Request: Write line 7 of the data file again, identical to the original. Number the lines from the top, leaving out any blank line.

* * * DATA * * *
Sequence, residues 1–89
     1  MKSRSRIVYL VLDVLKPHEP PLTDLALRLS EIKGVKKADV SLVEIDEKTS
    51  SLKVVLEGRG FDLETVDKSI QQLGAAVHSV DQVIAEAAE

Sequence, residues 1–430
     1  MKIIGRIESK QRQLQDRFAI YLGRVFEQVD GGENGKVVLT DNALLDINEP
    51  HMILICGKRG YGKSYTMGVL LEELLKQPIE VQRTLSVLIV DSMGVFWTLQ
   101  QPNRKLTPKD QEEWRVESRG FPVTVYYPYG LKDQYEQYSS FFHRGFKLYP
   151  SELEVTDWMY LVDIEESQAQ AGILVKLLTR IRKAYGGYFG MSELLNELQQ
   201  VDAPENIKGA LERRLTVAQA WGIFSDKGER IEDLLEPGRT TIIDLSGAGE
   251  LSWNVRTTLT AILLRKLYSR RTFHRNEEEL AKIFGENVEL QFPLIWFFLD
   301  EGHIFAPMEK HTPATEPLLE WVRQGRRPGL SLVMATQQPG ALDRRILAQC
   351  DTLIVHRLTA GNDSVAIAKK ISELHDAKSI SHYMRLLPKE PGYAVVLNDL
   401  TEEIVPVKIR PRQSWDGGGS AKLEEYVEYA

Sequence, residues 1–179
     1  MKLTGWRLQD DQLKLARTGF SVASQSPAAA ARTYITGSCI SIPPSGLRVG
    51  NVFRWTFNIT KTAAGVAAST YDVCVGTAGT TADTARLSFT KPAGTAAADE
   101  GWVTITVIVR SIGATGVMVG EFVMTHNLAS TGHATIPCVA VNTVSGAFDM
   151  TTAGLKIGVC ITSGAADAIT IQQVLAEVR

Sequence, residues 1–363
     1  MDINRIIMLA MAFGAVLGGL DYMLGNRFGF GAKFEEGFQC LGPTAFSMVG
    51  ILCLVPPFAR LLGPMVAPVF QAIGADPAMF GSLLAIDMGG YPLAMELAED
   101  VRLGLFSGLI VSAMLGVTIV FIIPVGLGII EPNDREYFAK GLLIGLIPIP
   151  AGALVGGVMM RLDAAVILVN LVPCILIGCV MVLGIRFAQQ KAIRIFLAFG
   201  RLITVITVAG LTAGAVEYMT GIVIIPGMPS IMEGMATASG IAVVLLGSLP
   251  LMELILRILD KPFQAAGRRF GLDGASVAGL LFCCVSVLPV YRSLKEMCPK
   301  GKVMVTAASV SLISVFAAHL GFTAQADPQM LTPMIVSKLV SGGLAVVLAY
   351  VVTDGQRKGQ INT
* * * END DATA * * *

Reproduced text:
   101  QPNRKLTPKD QEEWRVESRG FPVTVYYPYG LKDQYEQYSS FFHRGFKLYP